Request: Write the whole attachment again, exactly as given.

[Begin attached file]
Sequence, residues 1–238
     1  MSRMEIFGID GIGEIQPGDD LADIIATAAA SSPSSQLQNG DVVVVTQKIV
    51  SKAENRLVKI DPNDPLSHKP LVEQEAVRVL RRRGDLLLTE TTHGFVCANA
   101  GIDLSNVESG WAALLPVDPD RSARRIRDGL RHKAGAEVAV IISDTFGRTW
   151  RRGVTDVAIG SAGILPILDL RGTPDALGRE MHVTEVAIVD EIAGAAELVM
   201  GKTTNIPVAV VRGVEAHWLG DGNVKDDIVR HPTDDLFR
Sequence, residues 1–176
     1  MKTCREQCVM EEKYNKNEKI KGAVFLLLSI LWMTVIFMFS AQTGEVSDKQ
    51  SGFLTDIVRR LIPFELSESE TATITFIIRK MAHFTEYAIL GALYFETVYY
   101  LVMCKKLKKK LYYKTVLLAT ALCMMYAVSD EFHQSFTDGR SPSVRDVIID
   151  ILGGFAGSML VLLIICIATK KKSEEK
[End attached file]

Sequence, residues 1–238
     1  MSRMEIFGID GIGEIQPGDD LADIIATAAA SSPSSQLQNG DVVVVTQKIV
    51  SKAENRLVKI DPNDPLSHKP LVEQEAVRVL RRRGDLLLTE TTHGFVCANA
   101  GIDLSNVESG WAALLPVDPD RSARRIRDGL RHKAGAEVAV IISDTFGRTW
   151  RRGVTDVAIG SAGILPILDL RGTPDALGRE MHVTEVAIVD EIAGAAELVM
   201  GKTTNIPVAV VRGVEAHWLG DGNVKDDIVR HPTDDLFR
Sequence, residues 1–176
     1  MKTCREQCVM EEKYNKNEKI KGAVFLLLSI LWMTVIFMFS AQTGEVSDKQ
    51  SGFLTDIVRR LIPFELSESE TATITFIIRK MAHFTEYAIL GALYFETVYY
   101  LVMCKKLKKK LYYKTVLLAT ALCMMYAVSD EFHQSFTDGR SPSVRDVIID
   151  ILGGFAGSML VLLIICIATK KKSEEK